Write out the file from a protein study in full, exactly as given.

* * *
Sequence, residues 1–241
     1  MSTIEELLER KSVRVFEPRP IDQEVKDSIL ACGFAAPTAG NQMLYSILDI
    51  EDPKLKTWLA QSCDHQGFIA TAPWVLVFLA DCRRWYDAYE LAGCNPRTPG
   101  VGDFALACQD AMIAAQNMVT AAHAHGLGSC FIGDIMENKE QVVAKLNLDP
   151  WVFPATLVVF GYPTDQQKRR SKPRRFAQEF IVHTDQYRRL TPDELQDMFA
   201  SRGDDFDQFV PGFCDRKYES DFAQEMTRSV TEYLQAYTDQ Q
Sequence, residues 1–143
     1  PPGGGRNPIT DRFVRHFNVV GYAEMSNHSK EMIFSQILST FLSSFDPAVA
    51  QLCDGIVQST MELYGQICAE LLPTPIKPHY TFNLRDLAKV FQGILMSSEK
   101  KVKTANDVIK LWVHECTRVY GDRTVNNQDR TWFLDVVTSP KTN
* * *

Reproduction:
Sequence, residues 1–241
     1  MSTIEELLER KSVRVFEPRP IDQEVKDSIL ACGFAAPTAG NQMLYSILDI
    51  EDPKLKTWLA QSCDHQGFIA TAPWVLVFLA DCRRWYDAYE LAGCNPRTPG
   101  VGDFALACQD AMIAAQNMVT AAHAHGLGSC FIGDIMENKE QVVAKLNLDP
   151  WVFPATLVVF GYPTDQQKRR SKPRRFAQEF IVHTDQYRRL TPDELQDMFA
   201  SRGDDFDQFV PGFCDRKYES DFAQEMTRSV TEYLQAYTDQ Q
Sequence, residues 1–143
     1  PPGGGRNPIT DRFVRHFNVV GYAEMSNHSK EMIFSQILST FLSSFDPAVA
    51  QLCDGIVQST MELYGQICAE LLPTPIKPHY TFNLRDLAKV FQGILMSSEK
   101  KVKTANDVIK LWVHECTRVY GDRTVNNQDR TWFLDVVTSP KTN